In Which I Ponder Girls with Swords

The sword: the weapon of choice (cue Fatboy Slim) for many urban fantasy/paranormal romance heroines and heroes (and villains). Browse the book covers in the genre and you’ll see many feature someone brandishing a blade. One would expect to see swords in high fantasy, but urban fantasy and paranormal romance are usually set in our world, where swords would seem to be anachronistic. From Chloe Neill’s Chicagoland Vampires to Ilona Andrews’s Kate Daniels series and Faith Hunter’s Jane Yellowrock, some of the best and most kick-ass UF heroines are masters of swordplay, despite having many other weapons at their disposal.

Why the fascination with blades in modern UF? Sometimes it’s because these heroines find themselves battling creatures who would be impervious (or nearly so) to bullets, either standard or silver. Also, swords don’t need to be reloaded, so you’re not going to run out of ammo unless you do something dumb like throw your blade away. In some series, our heroine finds herself fighting vampires, who seem to prefer blades to more modern weapons (since so often vamps seem unwilling to update their techniques), so she must be able to face them wielding her own sword.

But whatever the explanation for the heroine’s ability to shish-kabob her enemies, it’s worth thinking about the symbolism of the sword in the hand of a woman. For a very, very long time in all corners of the real world and with only a few notable exceptions, swords were a man’s weapon. Unless you were raised in Themyscira, women didn’t get sword training, not even to defend themselves. There are few weapons with a more sexist history than a sword. Even the sword itself is phallic, the act of running someone through coded as masculine.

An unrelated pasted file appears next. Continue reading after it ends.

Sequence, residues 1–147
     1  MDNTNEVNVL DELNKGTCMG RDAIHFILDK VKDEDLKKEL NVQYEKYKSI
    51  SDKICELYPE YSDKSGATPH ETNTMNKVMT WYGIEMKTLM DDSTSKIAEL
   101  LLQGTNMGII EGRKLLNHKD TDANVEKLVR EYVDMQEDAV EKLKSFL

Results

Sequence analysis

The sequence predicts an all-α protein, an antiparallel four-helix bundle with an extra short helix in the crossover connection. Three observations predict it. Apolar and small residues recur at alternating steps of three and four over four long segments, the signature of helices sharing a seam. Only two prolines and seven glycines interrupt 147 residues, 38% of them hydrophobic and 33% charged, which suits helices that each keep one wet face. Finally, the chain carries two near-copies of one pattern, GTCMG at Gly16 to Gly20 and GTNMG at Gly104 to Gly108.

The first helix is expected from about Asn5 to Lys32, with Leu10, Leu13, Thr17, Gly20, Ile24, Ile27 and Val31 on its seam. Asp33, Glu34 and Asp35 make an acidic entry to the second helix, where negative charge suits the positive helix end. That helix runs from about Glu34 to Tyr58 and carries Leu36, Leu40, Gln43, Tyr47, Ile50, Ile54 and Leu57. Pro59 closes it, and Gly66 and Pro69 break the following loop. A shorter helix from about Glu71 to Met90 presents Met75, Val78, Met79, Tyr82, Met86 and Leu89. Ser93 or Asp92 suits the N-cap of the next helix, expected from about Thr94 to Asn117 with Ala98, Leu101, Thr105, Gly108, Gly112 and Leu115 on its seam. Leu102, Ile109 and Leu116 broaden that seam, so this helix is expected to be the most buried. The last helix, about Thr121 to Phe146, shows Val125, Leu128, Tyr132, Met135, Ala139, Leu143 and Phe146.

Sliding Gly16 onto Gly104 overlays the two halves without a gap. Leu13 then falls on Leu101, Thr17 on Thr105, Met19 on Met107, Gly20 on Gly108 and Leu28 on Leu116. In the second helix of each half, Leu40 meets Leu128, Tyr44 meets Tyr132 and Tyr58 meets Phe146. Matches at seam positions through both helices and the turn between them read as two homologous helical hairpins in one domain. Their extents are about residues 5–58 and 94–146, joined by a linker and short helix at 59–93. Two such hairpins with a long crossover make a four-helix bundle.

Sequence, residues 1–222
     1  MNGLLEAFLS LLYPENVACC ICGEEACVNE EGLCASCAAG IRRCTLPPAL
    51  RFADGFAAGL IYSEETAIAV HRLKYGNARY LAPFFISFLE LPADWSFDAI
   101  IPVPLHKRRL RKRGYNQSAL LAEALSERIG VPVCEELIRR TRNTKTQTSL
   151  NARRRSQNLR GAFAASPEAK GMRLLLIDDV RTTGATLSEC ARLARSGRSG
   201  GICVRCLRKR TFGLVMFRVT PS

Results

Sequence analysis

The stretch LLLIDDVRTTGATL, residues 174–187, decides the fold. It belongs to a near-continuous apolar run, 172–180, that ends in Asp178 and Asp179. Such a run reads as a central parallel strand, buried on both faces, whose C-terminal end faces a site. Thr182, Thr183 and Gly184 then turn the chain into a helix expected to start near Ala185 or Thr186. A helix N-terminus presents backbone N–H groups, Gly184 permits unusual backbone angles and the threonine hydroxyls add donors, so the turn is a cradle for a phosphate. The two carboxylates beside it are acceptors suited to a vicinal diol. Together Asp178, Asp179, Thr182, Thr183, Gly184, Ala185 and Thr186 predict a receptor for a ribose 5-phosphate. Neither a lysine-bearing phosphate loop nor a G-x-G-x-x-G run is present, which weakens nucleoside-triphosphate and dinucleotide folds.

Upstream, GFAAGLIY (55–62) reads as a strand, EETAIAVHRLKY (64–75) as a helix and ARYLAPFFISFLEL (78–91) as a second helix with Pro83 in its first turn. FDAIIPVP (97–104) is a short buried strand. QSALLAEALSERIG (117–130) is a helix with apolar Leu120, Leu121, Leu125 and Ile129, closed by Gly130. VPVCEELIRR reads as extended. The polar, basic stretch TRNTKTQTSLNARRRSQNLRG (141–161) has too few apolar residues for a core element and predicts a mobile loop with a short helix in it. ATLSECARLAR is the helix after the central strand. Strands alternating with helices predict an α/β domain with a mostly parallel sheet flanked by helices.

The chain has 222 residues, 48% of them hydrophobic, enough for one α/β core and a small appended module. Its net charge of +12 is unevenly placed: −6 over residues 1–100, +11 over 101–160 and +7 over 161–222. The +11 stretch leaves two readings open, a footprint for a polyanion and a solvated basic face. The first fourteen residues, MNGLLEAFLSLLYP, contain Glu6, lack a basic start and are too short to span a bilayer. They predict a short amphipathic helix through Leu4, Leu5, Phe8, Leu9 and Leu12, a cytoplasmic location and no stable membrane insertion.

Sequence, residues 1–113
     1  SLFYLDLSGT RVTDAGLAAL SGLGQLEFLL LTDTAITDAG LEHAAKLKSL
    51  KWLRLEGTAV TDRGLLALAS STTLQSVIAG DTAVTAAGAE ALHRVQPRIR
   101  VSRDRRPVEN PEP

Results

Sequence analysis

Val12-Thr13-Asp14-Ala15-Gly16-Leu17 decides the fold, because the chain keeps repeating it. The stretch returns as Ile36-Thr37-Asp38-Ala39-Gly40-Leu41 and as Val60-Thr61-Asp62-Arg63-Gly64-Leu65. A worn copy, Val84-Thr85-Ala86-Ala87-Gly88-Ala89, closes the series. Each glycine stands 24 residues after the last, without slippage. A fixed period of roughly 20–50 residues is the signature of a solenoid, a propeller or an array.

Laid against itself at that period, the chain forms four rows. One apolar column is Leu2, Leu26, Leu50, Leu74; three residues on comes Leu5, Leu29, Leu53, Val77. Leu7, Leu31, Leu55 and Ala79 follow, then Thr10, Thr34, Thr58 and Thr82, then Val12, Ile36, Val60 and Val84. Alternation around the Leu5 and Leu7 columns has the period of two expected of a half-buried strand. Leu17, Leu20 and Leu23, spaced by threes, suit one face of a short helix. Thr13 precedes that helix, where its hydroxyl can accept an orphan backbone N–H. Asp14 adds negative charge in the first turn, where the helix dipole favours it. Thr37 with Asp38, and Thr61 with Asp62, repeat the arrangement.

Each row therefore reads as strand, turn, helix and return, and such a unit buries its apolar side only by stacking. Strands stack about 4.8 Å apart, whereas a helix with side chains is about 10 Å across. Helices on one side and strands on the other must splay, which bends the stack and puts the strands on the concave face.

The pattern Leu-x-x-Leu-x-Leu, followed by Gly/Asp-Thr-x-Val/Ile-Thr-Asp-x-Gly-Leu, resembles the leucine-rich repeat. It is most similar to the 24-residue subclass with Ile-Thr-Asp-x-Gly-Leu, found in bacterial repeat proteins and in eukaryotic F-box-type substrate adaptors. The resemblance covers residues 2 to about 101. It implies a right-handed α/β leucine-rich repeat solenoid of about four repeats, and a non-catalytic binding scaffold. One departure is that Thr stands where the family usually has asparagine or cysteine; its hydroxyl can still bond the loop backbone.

With that in mind, consider a book cover or a scene featuring a woman wielding a sword and what that represents, not just to the genre, but historically. It’s a statement of self, autonomy, and courage, as well as defiance, not just against the enemy in the book but the historical oppression of women. Perhaps that is some of its appeal for writers and readers of the genre.

The fierce female protagonists of UF don’t always use swords. Alice doesn’t. But her weapons are formidable regardless, and the same argument applies regarding making a statement about autonomy and self-determination. A well-armed, well-trained heroine is the woman warrior in all of us, rising in defiance of everyone who stands against her, her sword raised (or fire whip coiled around her), a counterpoint to the damsels-in-distress or helpless victims of both other genres and history.

I know that it was this representation of a strong, capable, well-trained woman that attracted me to this genre in the first place, in addition to the imaginative world-building (which will be my next blog topic).

I have a sword, by the way; a real, very sharp katana. I bought it because it was beautiful, well-made, and deadly, and it matched my purse.